Picture this, India and I sat on a bus to Hikkaduwa, torrential rain and she poses the question “Alice did you research this trip? October is the rainiest month of the year you know”. My response, “ummm I knew it was cross over for the seasons?”. Lesson number 1 when planning your destination check rainfall in the tropics otherwise that image of you lazing on the beach, blue sky, sun beating down will actually be you and your friend sat under a veranda drinking a bottle of questionable wine to pass a soggy eve.
Nonetheless I had fallen in love with Sri Lanka and it’s laid back style. One of the simplest pleasures for me is travelling by bus or train which both run along the coastline so I can gaze at the turquoise sea and dream of potential surf spots.
In Sri Lanka rice and curry is the national dish. Each curry we tried offered a new culinary delight and a whole host of spices and flavours. India and I were particularly fond of this curry with the red rice and pumpkin!
We were surprised to discover that food was served not only on ceramic but also metal. This vegan restaurant in Unawatuna served delicious healthy food on a giant steel plate! I would soon discover in India the array of metal plates to eat from.
Our quest for yoga was achieved in Unawatuna with private classes with Asiri (there are benefits in coming to Sri Lanka in low season!). Here was the studio set in the leafy garden.
India and I took a beautiful walk to the temple on the hill in Unawatuna to watch the sunset, a great moment with a great girl.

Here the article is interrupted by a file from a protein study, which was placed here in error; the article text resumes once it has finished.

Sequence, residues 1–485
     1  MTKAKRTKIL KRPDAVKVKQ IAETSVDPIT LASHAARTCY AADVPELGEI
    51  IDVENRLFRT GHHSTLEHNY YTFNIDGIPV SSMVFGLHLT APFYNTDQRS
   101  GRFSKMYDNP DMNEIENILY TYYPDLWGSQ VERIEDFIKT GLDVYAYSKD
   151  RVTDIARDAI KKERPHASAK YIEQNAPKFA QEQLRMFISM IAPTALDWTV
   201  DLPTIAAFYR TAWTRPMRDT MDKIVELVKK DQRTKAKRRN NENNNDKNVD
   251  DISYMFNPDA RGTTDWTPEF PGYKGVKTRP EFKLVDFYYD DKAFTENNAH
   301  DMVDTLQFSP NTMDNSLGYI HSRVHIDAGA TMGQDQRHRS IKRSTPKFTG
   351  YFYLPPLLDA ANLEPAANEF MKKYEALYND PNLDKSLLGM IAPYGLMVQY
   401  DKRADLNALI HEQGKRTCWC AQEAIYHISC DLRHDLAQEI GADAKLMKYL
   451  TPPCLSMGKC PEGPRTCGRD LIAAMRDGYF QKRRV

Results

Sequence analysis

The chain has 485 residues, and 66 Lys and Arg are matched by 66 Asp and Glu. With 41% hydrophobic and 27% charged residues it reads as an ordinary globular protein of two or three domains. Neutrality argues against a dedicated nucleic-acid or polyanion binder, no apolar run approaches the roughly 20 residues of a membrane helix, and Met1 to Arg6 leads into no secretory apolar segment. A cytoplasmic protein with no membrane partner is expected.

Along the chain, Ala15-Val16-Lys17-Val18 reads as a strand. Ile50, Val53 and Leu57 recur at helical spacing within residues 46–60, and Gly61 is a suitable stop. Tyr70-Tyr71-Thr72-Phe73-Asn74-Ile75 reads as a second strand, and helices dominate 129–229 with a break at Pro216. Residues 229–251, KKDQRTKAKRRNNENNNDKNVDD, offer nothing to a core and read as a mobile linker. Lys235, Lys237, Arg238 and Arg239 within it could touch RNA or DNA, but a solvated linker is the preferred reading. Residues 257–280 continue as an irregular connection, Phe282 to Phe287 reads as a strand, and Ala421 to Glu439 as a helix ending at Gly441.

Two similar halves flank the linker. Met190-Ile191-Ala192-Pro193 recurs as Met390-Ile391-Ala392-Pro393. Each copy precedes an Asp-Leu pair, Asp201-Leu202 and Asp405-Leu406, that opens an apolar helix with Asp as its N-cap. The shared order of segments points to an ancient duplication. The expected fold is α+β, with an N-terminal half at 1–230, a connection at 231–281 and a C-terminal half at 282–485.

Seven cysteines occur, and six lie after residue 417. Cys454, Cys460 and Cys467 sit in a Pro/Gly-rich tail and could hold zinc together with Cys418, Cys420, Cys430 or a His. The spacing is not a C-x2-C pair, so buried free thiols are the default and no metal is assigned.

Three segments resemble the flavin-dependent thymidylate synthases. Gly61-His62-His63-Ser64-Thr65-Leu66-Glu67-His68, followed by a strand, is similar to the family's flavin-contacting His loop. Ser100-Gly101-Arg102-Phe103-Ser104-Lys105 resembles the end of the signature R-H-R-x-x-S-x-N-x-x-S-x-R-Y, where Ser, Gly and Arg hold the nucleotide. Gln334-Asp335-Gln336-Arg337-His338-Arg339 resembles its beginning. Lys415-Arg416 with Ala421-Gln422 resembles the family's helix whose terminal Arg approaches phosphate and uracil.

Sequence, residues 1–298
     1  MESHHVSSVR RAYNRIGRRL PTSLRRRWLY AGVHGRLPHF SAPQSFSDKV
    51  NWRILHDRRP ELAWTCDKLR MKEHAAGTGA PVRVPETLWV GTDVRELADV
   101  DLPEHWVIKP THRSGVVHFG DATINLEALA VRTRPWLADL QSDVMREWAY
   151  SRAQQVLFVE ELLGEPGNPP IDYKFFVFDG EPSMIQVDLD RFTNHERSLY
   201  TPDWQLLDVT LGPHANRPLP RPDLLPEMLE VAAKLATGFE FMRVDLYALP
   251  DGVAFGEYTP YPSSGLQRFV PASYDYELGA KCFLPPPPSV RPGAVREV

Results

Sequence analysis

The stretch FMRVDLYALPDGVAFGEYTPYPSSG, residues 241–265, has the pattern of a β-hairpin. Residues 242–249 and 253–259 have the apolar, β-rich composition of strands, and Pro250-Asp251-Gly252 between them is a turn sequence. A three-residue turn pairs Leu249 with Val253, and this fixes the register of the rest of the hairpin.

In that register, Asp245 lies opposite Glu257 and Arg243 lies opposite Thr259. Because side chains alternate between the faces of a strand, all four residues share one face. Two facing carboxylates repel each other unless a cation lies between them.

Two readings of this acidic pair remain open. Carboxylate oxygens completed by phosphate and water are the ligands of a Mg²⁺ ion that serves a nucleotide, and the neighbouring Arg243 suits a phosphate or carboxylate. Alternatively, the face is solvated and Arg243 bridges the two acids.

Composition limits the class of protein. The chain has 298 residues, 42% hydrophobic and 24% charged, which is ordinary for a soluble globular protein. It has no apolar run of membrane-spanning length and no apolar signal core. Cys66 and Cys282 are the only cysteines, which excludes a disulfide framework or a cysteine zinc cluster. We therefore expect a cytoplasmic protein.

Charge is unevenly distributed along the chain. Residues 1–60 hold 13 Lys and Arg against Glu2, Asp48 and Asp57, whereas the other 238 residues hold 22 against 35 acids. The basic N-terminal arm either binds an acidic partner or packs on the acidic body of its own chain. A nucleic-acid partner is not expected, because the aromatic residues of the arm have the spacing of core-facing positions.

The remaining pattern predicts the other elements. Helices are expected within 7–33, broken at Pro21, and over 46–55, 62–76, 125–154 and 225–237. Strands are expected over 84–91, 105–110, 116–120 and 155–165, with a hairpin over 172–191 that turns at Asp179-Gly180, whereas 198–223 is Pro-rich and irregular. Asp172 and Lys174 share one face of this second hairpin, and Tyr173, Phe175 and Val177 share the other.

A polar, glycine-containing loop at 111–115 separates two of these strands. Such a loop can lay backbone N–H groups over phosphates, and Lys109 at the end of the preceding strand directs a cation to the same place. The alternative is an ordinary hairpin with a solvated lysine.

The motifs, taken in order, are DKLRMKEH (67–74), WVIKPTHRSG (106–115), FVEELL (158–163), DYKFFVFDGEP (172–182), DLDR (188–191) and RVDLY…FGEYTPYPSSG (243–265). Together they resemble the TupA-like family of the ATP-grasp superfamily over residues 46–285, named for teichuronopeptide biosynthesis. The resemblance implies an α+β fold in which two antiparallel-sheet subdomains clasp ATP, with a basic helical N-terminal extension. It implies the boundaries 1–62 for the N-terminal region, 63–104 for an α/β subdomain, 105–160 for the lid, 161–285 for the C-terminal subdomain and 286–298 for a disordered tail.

After Unawatuna we cruised on down to Mirissa. We spent five days lazing on the beach, I surfed, India sunbathed, we drank some gin and met some hilarious characters.
One evening we took a little walk up to the temple, again atop a hill. India and I sat and breathed in the beauty, adding a little meditation to our time we sat until the sun no longer lit up the sky.
After being truly spoilt with all the beaches it was time to head in land to Ella. Ella was magical, the vast green landscapes, cooler air and quiet was breath taking.
When you’re in Ella you walk, and walk we did. We took a little trek up to Ella’s rock and boy was it pretty. This tested my vertigo. My biggest phobia is heights, it makes my feet tingle and I feel nauseous. With India’s gentle coercion I braved it onto the rocks.
After Ella and a small bout of food poisoning from Kottu rotty we took the seven hour train up to the city of Kandy. The train ride was peaceful and the undulating hills were mesmerizing.
Whilst in Kandy we took a little trip to the Botanical gardens. These used to only be open to Kandyan royals but it was decided they should be made open to the public, lucky us! We spent a good two hours walking around the acres of land marveling at the array of palm trees that exist and the bounty of flowers this planet offers.
After the gardens it was time to visit a tea factory and meet some of the ladies who work incredibly hard to pick the tea leaves. I believe these women earn around £30 a month, £1 a day to work all day, everyday. It’s certainly something to think about when you drink your tea and appreciate those who are part of the process. We were told off by their boss for distracting them so we had to retreat leaving notes of rupiah in their tiny hands.
The month in Sri Lanka with India passed by in a flash. It felt truly special to be with such a special friend in such a special country. Yes we came when it was quiet but actually it allowed us to truly unwind. We were so healthy, daily fresh fruit, daily yoga, no alcohol and just veggie food left us feeling refreshed and renewed.
When we parted ways in November I cried as I drove off in the tuk tuk. The month was so lovely and I didn’t want to leave her. My darling badger, my best badger.